How do you become more mindful? You can start by downloading The Mindfulness App ($2.99), searching out Kabat-Zinn’s program at MindfulnessCDs.com or by taking a meditation class. In general, though, mindfulness involves paying close attention to your breathing, noticing what you’re sensing—the smell of the rain, the feel of the cold wind on your arms, the taste of your toothpaste in your mouth—in any given moment and appreciating the things, people or experiences that make your life better moment by moment.
When you find yourself caught up in the past, bring yourself back to the present by taking five minutes to sit still and observe all the sights, sounds, smells and sensations around you, Neff recommends.
Most pointedly, you might also find reassurance in the mindfulness tenet that your thoughts and ideas don’t define you. You may repeatedly tell yourself you were dumb to try to write a book, say, but that doesn’t mean you are. Your thoughts are just passing breezes, the philosophy goes. If you choose to believe that, it’s much harder to get caught in a web of negative I-should-have-done-something-different thinking. Even without that component, though, practicing mindfulness is still a proven brooding buster.
Right out of graduate school, Maegan Watson of Chicago landed her dream job as a personal stylist for a burgeoning fashion company. But it turned out to be less than dreamy. She was at the beck and call of her boss and her clients 24/7. Her office environment was toxic, filled with jealousy, suspicion and criticism. “I was young and didn’t understand self-care,” says Watson, who regularly sacrificed sleep for the job. It wasn’t until she got very sick, and was eventually diagnosed with fibromyalgia, that she quit. She blamed the experience—and her poor health—on herself. She should have been more proactive, more capable, Watson thought.
She started an e-commerce company with a friend but would still wake up in the middle of the night with doubts. Why do I let my clients dictate my life? she asked herself. Why do I allow myself to be treated so badly? Why can’t I handle this? “I had a lot of anger with myself and other people,” Watson says.
“Being mindful and present allows us to escape our fixation on the past and the future and be open to what is.”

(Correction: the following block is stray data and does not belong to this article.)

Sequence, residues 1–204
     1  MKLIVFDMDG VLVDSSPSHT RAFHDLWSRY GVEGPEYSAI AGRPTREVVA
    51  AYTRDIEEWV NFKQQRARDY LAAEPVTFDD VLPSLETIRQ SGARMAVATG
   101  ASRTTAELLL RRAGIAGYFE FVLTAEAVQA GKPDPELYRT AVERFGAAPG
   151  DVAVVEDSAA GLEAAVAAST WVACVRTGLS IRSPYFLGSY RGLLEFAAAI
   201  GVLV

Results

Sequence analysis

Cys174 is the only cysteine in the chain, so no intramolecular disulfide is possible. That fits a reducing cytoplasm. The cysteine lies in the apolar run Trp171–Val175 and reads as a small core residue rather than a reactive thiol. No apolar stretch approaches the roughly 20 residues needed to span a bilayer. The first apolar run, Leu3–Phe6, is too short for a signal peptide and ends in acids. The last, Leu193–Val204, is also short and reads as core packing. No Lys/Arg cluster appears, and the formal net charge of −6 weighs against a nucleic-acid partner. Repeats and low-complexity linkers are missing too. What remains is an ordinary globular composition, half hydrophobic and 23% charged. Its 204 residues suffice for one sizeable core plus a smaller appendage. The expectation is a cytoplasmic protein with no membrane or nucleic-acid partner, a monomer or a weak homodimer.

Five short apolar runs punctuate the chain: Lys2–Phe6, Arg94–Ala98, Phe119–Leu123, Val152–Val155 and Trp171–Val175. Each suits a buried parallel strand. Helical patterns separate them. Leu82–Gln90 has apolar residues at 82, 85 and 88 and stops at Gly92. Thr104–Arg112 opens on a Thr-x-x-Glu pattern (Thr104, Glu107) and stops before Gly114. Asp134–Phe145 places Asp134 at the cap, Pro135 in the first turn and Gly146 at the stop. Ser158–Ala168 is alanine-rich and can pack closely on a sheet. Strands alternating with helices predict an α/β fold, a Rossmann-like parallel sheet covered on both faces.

With her fibromyalgia flaring again, she went on a yoga retreat where she learned about mindfulness and self-compassion. “Within 24 hours of getting home, I sold my half of the business to my partner at a loss and scheduled marriage therapy for me and my husband. I wasn’t going to be able to succeed personally or professionally if I didn’t learn to get over my traumatic first work experience and stop beating myself up for it.”
Watson took time off to get healthy and manage her rumination. She spent a lot of time journaling. “By writing about my feelings, I was able to make the connection from the past and realize that my thoughts and behaviors were based on fear, not reality,” she says. She also worked at forgiving her old co-workers and boss, by writing unsent letters of amnesty to them. “I regularly remind myself of the mantra ‘Everyone is doing the best they can,’ and then I immediately feel less resentful and more peaceful.”
After several months, she and her husband launched a new venture, My Dear Watson, a wardrobe-building firm for businesses and individuals that has been going strong for three years. “It takes a lot of dedication to not let those scary past experiences affect my current work. I work at letting go and living in the present every day,” Watson, now 29, says of her success.
The dedication, forgiving of others, yoga and mindfulness, journaling and therapy—these were all ways Watson was kind to herself, Neff says. Being nice to yourself—called self-compassion in therapy-speak—is key to living fully, happily and productively in the now, she says. “Sometimes we don’t buy when others offer reassurance,” Neff says. They’re just saying that to make me feel better, we think. Hearing someone else tell us we’re talented doesn’t penetrate as deeply as when we tell ourselves that we are incompetent.
So when you find yourself wallowing, Neff recommends trying a self-compassion exercise: